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I'm somewhat new to the .NET stack and I was wondering if there is an equivalent to slf4j for the .NET platform. For me, logging to a Facade and being able to swap out logging implementations as needed just makes sense. Furthermore, the wrapper APIs available in slf4j have saved me many times when I needed to use a third-party library that was coded against a single logging framework that I wasn't using.

Is there a project out there that acts as a facade between loggers like log4net, nLog and Enterprise Library? Are there wrappers that allow me to shortcut calls to those libraries and direct them to another library? Should I start out an open source project to do this myself? Is this question a duplicate because I don't know the right way to ask? Conversely, is the common way to do this using aspect orient programming?

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Good question - i have this problem also. It just took me a few minutes to implement an ILog interface and implementation for my favourite nLog. Let's create a OS project - I would join :) –  twk Apr 28 '10 at 22:28
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Been done already. See below for link to common logging for .NET. –  Tom Cabanski Apr 28 '10 at 22:31
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There is also a SLF for .NET: slf.codeplex.com, based on the slf4j. –  Steven Apr 28 '10 at 22:42
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Steven, you should make that an answer to the question. –  Elijah Apr 28 '10 at 22:51
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4 Answers

Excuse I used this thing and I forgot it wasn't the Apache version. It's actually open-source and part of a project called common infrastructure. It is also called common logging. It works with MS Enterprise, log4net and others. It works well.

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Yep, Common Logging is THE logging facade for .NET –  Steven Apr 28 '10 at 22:40
    
@Steven: True, but it's so out-of-date, unfortunately. –  abatishchev Oct 31 '11 at 8:04
    
I would even advice against the use of logging facades. Proper dependency injection eliminates the use of any logging facade. –  Steven Oct 31 '11 at 11:17
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@abatishchev: 2.1.1 was released on June 9, 2012. –  CK Lee Aug 28 '12 at 3:57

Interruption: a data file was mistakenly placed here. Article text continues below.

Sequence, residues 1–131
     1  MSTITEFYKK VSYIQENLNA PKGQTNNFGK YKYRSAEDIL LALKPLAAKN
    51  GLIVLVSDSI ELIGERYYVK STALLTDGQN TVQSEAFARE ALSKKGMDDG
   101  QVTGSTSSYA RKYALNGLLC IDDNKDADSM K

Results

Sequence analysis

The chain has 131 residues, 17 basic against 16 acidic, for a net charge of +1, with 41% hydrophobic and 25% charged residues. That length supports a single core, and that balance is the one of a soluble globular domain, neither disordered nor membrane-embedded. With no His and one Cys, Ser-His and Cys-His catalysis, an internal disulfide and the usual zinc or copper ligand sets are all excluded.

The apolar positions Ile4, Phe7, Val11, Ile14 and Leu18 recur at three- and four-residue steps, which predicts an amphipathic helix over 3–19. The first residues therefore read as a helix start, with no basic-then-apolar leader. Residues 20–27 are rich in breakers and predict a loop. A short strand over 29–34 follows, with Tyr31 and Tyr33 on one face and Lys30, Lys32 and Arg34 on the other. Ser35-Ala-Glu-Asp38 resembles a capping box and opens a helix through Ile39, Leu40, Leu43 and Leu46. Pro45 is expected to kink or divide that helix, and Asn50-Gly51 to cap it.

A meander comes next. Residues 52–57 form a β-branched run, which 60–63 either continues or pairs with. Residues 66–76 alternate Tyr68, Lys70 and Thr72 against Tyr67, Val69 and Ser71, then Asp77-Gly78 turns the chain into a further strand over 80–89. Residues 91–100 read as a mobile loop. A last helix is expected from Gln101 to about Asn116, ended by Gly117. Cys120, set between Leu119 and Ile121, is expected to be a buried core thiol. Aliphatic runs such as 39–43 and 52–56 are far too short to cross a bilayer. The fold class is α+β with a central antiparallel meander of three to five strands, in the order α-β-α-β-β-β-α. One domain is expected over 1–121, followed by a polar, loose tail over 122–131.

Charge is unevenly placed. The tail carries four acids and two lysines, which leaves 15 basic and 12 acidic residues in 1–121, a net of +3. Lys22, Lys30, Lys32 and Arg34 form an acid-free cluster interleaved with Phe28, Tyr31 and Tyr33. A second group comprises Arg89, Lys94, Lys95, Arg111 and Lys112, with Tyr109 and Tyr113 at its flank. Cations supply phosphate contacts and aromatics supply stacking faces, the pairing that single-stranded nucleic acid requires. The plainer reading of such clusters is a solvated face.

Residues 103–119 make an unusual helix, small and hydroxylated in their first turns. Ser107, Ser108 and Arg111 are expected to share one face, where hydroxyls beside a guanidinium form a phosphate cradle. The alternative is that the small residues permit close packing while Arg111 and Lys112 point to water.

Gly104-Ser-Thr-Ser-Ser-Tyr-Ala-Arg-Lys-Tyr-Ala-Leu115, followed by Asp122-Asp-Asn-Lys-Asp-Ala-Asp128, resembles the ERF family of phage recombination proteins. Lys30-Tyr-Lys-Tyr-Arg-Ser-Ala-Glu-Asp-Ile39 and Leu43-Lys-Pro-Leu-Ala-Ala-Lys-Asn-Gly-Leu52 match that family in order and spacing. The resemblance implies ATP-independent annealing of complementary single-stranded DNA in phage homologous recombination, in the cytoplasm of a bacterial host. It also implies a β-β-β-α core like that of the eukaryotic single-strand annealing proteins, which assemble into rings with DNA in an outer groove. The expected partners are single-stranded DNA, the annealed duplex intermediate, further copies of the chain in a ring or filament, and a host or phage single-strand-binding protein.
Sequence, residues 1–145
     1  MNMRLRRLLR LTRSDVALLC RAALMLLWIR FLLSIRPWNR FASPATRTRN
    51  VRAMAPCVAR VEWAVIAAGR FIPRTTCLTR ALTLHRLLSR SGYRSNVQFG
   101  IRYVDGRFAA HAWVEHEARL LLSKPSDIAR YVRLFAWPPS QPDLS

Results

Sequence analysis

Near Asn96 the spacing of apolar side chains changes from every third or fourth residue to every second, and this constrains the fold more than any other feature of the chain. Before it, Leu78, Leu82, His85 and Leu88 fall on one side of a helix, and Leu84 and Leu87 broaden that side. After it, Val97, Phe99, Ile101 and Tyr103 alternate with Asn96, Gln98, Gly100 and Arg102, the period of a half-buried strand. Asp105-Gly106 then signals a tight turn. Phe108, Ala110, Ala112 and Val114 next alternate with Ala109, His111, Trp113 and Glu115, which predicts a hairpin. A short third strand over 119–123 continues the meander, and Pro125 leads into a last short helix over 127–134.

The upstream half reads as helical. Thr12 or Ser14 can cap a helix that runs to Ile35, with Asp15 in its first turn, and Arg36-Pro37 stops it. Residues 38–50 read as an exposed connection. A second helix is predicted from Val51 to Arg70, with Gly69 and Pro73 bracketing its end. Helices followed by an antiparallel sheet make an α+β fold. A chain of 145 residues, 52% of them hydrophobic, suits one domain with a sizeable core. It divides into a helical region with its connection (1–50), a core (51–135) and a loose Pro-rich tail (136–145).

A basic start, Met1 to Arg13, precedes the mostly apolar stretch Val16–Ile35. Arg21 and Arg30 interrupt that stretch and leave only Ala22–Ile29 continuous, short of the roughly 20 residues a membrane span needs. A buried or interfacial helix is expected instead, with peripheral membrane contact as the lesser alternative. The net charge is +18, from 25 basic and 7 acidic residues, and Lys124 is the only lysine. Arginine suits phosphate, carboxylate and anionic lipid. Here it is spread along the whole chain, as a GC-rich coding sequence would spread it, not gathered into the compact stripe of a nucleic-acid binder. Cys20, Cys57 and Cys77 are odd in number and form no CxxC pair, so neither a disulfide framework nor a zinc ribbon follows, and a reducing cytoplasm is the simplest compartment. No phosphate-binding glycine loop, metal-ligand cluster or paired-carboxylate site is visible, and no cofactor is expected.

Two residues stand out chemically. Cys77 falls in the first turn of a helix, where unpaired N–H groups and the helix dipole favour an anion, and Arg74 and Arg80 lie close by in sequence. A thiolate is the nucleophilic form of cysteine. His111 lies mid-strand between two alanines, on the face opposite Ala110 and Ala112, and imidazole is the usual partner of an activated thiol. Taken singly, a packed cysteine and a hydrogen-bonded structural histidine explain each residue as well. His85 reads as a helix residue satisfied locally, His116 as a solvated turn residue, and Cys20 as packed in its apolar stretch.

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@Steven glad you have found a procedure that works for you. I've personally found that being able to stand on the shoulders of others is a benefit to us, so I usually rely on a logging component. slf4j is great for a common api to those. –  Thorbjørn Ravn Andersen Oct 4 '12 at 11:19
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Take a look at Castle.Services.Logging.

Base code is here. Log4net adapter here. NLog adapter here.

It's pretty easy to write adapters to any other logging framework.

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Castle.Services.Logging seems to have disappeared. Getting a 404 –  Sam7 Sep 27 '12 at 8:02
    
@Sam7 no, just the links changed. Whenever you find something like this, please consider googling for a bit to find the new links (as I just did), then submitting a suggestion to the answer. Thanks! –  Mauricio Scheffer Sep 27 '12 at 14:44
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I'm incorporating Simple Logging Facade because it appears to support The Object Guy's Logging Framework for .Net out of the box.

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I had the same Problem. After going through those recommended above, I discovered Ninject.Extensions.Logging

Which is great since a facade makes best sense in combination with DI anyway

It comes with proxies for NLog, NLog2 & log4net.

Here is a nice example on how to use it in combination with NLog: http://blog.tonysneed.com/2011/10/09/using-nlog-with-dependency-injection/

I understand, that this question is already a couple of years old, but due to completeness for other users, I still chose to post this 'Solution'

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